Culture

MasterChef judge Melissa Leong’s New Magazine Cover Is A Big Win For Asian Representation

"To be an Asian on a magazine cover anywhere in the world right now matters now more than ever."

When Melissa Leong joined MasterChef Australia last year, she not only became the first female judge, but the first woman of colour to sit on the popular cooking show’s tasting panel.

The Singaporean Australian food writer has championed representation and diversity on the show, instantly winning fans with her ability to critique dishes with a deeper cultural understanding, and connect with contestants who are also children of immigrants.

Her appearance in the current season has prompted a magazine cover shoot for health and lifestyle magazine, Prevention. And it’s a big win for Asian representation.

“Representation matters, and to be an Asian on a magazine cover anywhere in the world right now matters now more than ever,” Mel wrote on Instagram next to a photo of the cover.

The past year has been particularly unsettling for Asian communities across the globe. Anti-Asian hate and racism has escalated during the COVID-19 pandemic, while six of the eight people killed in the Atlanta spa shootings in March were Asian women.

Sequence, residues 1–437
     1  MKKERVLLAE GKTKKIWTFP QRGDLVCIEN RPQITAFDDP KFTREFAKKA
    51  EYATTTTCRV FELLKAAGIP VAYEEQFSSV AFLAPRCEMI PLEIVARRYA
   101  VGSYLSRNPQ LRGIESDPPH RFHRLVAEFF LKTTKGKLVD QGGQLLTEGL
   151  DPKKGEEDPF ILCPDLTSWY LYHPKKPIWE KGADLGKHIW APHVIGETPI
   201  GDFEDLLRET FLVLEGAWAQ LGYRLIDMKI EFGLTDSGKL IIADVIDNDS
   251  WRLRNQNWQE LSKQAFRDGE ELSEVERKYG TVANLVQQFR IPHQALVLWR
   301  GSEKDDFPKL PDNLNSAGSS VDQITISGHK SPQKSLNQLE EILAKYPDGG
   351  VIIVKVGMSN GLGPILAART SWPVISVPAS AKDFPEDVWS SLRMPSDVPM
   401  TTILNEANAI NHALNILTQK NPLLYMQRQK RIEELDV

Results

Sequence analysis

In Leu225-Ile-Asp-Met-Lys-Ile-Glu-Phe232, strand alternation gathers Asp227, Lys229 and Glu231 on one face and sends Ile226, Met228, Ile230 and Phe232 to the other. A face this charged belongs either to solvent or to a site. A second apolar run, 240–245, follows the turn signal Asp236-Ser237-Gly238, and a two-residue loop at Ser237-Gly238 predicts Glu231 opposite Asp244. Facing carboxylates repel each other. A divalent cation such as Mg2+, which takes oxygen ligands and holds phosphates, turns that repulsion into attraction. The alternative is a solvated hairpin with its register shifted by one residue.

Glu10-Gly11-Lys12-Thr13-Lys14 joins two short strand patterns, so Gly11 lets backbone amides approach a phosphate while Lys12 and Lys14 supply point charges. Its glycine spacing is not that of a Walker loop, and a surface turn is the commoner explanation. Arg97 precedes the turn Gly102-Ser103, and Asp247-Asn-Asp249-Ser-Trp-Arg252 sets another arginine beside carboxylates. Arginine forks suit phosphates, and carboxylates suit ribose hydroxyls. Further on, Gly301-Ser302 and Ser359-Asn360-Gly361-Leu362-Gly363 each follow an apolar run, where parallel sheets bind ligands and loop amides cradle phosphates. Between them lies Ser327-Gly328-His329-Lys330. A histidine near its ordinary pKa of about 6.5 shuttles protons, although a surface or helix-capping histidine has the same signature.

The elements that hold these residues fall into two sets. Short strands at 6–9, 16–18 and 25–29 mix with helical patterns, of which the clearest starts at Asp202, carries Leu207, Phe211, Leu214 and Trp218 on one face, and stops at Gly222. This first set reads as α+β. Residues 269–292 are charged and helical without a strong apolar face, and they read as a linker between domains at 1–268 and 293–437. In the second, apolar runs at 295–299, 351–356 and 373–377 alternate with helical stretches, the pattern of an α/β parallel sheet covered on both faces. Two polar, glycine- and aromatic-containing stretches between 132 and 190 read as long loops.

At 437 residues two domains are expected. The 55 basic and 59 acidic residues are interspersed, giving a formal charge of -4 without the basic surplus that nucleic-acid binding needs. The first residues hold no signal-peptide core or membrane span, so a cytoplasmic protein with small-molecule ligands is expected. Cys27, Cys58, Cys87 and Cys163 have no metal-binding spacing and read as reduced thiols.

Melissa has openly spoken about her own experiences facing racism and being the subject of Asian fetishisation, also known as ‘yellow fever’.

“As a woman of Asian origin, it’s a daily onslaught of fetishistic comments from strangers about your appearance and sexuality, and if I’m asked, ‘But where are you really from?’ one more time, I might explode,” Melissa previously told HuffPost Australia.

“Being Asian and female and being quite a confident person who’s out there all the time, I hear it a lot,” she said. “People find energy attractive. When you’re outgoing and you’re Asian and you’re a female, people go, ‘Oh that’s awesome, I’ve totally got yellow fever’. Well that’s really disgusting.”

She encouraged others to “speak up” if they’ve faced similarly faced “racism and sexism and misogyny”.

“I will call out something that doesn’t feel right for me, in the same way that the MeToo movement has really taken such momentum… It’s ok to speak up.”

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